Reserve Bank governor Graeme Wheeler kept the official cash rate at 2.5 per cent as consumer price increases remain muted, though he will mull a hike if the momentum in housing and construction spur broader inflation.
"The extent of the monetary policy response will depend largely on the degree to which the growing momentum in the housing market and construction sector spills over into inflation pressures," Wheeler said in a statement. "Although removal of monetary stimulus will likely be needed in the future, we expect to keep the OCR unchanged through the end of the year."
In its June forecasts, the Reserve Bank expected the 90-day bank bill, often seen as a proxy for the OCR, to start rising in June next year, with a slightly steeper curve starting in 2015, before reaching 4.2 per cent in March 2016. Traders are pricing in an increase of 39 basis points over the coming 12 months, according to the Overnight Index Swap curve.
"We don't expect a lot of change in the RBNZ's outlook assessment relative to the June monetary policy statement," said ASB chief economist Nick Tuffley, in a preview.
A weaker currency and higher dairy prices mean the medium term inflation outlook has probably been revised up, though the bank was likely to repeat its view that it expects "to keep the OCR unchanged through the end of the year," Tuffley said.
Wheeler has had to steer monetary policy in an environment where inflation has been below the bank's target band of between 1 per cent and 3 per cent as a strong currency keeps imported prices down, while balancing that against building pressures in the Auckland housing market and a massive reconstruction effort in Canterbury.
He took another dig at the Auckland and Canterbury housing markets, which have been outpacing the rest of the nation amid a shortage of supply, reiterating the bank "does not want to see financial or price stability compromised by housing demand getting too far ahead of the supply response."
The bank is currently considering the introduction of macro-prudential tools to limit the level of high loan-to-value ratio home lending as a means to counter the threat of low equity home lending the stability of the banking sector.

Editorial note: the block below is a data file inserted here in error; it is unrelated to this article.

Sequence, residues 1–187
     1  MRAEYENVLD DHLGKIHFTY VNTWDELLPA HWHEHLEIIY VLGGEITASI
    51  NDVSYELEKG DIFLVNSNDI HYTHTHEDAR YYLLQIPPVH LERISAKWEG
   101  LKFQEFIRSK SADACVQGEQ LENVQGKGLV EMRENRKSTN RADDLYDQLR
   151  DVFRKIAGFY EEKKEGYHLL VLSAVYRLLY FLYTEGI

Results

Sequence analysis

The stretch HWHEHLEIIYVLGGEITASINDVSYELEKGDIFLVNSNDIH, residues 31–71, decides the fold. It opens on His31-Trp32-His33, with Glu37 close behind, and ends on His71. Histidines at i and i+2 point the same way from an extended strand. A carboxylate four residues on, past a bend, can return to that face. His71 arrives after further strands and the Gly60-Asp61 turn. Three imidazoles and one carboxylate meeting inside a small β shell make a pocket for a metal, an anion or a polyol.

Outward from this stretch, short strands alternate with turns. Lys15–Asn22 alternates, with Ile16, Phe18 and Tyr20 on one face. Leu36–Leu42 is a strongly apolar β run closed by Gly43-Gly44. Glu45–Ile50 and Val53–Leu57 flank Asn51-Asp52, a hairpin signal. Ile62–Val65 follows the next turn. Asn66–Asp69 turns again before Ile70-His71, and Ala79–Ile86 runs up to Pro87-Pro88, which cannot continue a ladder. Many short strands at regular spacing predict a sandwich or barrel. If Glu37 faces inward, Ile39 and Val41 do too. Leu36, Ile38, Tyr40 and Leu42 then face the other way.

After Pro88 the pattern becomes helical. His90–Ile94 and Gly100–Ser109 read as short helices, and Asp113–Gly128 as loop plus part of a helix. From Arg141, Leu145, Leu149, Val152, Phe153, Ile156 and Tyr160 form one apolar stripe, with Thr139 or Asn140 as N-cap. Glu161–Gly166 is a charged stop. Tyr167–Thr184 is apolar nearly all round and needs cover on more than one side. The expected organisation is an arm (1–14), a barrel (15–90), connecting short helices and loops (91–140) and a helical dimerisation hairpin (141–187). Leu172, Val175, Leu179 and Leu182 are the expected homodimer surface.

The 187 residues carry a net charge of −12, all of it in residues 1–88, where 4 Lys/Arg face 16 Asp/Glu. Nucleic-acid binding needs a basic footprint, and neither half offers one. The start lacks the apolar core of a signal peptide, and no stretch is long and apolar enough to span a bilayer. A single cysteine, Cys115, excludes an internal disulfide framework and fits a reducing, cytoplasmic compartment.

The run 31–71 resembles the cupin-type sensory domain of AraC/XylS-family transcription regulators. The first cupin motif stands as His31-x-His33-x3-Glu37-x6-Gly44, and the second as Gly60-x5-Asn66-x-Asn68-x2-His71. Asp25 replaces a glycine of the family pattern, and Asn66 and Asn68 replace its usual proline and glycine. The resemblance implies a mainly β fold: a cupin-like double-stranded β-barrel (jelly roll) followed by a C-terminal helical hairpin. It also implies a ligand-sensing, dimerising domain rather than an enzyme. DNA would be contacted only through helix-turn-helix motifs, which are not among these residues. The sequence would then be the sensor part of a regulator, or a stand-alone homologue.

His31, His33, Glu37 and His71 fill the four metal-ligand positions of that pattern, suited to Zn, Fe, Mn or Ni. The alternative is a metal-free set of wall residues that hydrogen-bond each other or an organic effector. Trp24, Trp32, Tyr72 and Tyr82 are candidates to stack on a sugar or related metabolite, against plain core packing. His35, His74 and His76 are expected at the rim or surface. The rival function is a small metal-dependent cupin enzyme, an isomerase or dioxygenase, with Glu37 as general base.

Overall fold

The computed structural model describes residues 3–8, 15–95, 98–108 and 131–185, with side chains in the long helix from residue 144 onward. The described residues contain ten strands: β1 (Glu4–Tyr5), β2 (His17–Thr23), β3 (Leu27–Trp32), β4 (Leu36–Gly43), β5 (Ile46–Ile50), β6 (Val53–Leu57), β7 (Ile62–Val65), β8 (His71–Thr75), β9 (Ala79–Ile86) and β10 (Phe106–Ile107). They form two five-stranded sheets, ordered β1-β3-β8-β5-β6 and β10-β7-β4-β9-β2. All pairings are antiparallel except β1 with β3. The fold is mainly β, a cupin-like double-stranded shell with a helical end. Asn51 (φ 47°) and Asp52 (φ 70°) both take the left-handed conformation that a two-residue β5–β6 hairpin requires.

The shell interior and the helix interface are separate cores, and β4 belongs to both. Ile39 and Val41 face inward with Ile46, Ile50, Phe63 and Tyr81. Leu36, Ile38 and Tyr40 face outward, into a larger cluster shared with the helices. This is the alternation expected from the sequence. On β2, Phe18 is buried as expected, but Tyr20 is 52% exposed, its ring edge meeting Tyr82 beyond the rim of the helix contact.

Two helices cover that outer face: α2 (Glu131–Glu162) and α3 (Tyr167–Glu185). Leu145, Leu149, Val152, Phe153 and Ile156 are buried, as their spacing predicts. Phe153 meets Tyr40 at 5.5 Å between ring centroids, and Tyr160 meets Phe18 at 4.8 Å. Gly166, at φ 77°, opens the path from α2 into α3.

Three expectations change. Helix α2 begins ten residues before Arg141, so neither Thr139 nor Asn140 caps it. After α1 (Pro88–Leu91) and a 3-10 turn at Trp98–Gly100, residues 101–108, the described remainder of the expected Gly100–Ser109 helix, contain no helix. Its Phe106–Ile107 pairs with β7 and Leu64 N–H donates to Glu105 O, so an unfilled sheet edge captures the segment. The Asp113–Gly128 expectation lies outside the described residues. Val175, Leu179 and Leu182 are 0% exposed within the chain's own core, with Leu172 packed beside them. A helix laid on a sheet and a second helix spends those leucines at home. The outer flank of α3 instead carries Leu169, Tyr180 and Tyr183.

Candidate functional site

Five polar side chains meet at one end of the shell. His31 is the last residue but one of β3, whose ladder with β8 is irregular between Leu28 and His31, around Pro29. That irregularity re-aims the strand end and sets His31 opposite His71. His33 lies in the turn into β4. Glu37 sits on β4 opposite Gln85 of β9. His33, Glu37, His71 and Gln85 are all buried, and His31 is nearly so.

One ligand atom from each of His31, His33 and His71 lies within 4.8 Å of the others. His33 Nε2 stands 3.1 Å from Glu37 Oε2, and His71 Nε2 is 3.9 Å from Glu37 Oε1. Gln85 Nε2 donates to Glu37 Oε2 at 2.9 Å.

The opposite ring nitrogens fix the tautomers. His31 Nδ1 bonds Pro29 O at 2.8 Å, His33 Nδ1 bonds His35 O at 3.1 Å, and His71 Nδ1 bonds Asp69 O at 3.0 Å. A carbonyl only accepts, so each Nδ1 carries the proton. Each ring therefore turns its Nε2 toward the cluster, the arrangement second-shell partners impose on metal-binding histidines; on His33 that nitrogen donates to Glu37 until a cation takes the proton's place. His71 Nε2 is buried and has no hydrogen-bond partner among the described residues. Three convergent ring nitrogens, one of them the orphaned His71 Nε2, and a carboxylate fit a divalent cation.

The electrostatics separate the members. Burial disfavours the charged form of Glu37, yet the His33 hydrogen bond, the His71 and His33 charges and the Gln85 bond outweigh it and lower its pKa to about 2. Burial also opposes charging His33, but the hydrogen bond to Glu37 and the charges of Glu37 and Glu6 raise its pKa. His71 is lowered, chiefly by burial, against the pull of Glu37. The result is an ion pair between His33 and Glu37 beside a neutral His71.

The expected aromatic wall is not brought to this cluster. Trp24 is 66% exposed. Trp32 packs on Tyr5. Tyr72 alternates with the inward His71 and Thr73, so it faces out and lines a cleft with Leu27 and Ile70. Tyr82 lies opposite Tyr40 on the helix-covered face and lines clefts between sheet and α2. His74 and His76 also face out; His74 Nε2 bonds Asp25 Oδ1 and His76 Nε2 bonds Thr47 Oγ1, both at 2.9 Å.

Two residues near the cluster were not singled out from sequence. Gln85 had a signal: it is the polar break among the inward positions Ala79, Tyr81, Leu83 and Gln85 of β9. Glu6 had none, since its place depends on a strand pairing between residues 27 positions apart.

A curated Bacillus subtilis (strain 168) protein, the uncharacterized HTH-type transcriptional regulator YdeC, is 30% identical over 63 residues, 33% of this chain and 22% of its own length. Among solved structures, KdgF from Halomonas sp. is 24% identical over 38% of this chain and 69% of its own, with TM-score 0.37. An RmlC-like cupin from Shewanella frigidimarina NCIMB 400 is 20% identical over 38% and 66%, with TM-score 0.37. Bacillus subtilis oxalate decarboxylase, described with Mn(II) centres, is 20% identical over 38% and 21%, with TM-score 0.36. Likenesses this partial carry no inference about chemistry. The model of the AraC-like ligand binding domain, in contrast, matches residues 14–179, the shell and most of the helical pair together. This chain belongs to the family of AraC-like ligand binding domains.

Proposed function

Government figures earlier this month showed the consumer price index rose at an annual pace of 0.8 per cent in the second quarter, its slowest pace in 14 years, with building price pressures in housing and construction remaining relatively contained.
In its June monetary policy statement, the central bank forecast the annual CPI to return to the band in September of this year, rising above 2 per cent in June 2015.
Wheeler said the New Zealand dollar is still high and is dragging on exporters by restricting their earning power and encouraging demand for imported substitutes.
The kiwi dollar averaged 76.55 in the second quarter on a trade-weighted basis, below the Reserve Bank's projected 77.50. The TWI recently traded at 75.31 after the OCR announcement from 75.17 immediately before. The kiwi rose to 79.50 US cents from 79.30 cents.
Wheeler said the domestic economy's recovery is improving across more sectors, albeit in an uneven way.
"Consumption is increasing and reconstruction in Canterbury will be reinforced by broader national recovery in construction activity, particularly in Auckland," he said. "This will support aggregate activity and eventually help to ease the housing shortage."
New Zealand's construction industry will get another boost from the recent swarm off earthquakes in the central North Island, where a 6.5-magnitude quake in the Cook Strait damaged 35 buildings in the capital city, Wellington. The damage has been relatively limited and Credit Suisse has estimated insured losses will be "well below" US$1 billion.
The central bank sees annual growth of 2.8 per cent in March 2014, accelerating to 3.3 per cent in the March 2015 year and 3.1 per cent the following year.